#2 Focus on increasing competence

“Human Resources isn’t a thing we do. It’s the thing that runs our business.” – Steve Wynn

Employees look to the HR as their guide and voice in the workplace. Incompetent HR reps are a turnoff. HR directors should focus on training their staff so they can serve the employees better.

HR reps should not be random people pulled from accounting or other organizations in the company. They should have the skills, educational background, and experience. In short, they should know what they are doing.

The HR is not just about paperwork nowadays. They should also be well-equipped to develop an HR strategy that’ll drive the business forward. With more time and by avoiding nitpicking employees on trivial matters, the HR can focus on big-picture plans like:

  • Developing training programs for employees to reach their full potential
  • Engaging employees
  • Creating competitive compensation
  • Developing methods to reward and retain hard working employees
  • Developing best practices in measuring employee performance

#3 Streamlining processes using HR technology

Employees are tired of paperwork and complicated workflows. With Millennials making up over 50% of the current workforce, the HR has no choice but to embrace technology to meet both employees and business expectations.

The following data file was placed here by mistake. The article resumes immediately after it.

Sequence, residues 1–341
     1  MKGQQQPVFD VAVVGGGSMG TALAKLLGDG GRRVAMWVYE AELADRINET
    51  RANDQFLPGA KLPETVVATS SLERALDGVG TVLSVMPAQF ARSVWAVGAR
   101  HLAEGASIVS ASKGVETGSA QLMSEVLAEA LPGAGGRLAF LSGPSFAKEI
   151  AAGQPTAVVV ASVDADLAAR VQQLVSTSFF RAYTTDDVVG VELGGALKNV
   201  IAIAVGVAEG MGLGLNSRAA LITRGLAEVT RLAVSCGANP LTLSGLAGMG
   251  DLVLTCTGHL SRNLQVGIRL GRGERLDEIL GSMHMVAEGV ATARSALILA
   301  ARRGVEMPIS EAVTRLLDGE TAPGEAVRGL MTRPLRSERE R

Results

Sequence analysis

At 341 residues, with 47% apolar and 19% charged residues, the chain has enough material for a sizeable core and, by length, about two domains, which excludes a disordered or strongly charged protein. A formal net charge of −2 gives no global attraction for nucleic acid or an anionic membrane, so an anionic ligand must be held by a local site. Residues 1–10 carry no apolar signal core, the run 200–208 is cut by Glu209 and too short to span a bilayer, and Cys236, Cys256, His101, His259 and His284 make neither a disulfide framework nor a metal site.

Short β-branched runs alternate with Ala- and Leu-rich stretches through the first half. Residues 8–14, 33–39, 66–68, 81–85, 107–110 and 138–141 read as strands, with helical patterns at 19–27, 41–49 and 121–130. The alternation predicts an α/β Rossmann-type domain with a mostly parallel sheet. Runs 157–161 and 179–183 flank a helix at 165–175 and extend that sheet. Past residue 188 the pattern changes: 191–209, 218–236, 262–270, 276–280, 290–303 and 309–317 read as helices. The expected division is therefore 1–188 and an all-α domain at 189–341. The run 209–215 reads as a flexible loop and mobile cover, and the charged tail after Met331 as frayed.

And it’s a good thing.

With technology, the HR can simplify a lot of time-consuming processes like employee onboarding, timesheets, scheduling, expenses, etc.

Technology is HR’s friend. And with all the advances we are enjoying today, HR tech is no longer limited to standalone or cloud-based applications. There’s also Artificial Intelligence and chatbots designed to assist the HR in every way possible — be it in recruiting, training employees, benefits enrolment, answering common questions, and annual reviews.

For instance, CakeHR’s Slackbot uses AI to assist employees in filing and processing leave requests. With this app, employees can book any time off from Slack, check policy balances, and see who is out of the office during the day — all without talking to a single HR rep in the office!

“Working together, HR bots and your HR team can revolutionize your business, lessen bureaucracy, and grant your employees greater independence.” – Norberts Erts

 The biggest benefit of streamlined processes is TIME. With more time, the HR can now focus on what matters most to the employees and the business.

“If I can change and you can change, everybody can change.” – Rocky Balboa

Despite the negative stigma that HR has gained over the past decades, it still can change. By focusing on people, increasing its core competencies, and using technology to streamline its processes, the HR will eventually earn the respect it’s been yearning for years.


Written By

Lenmark Anthony Baltazar

I have been living a life of HR for as long as I can remember. My experiences helped me realize that true happiness comes from being a blessing to the lives of others. I hope my skills and talents will be a blessing to you as well.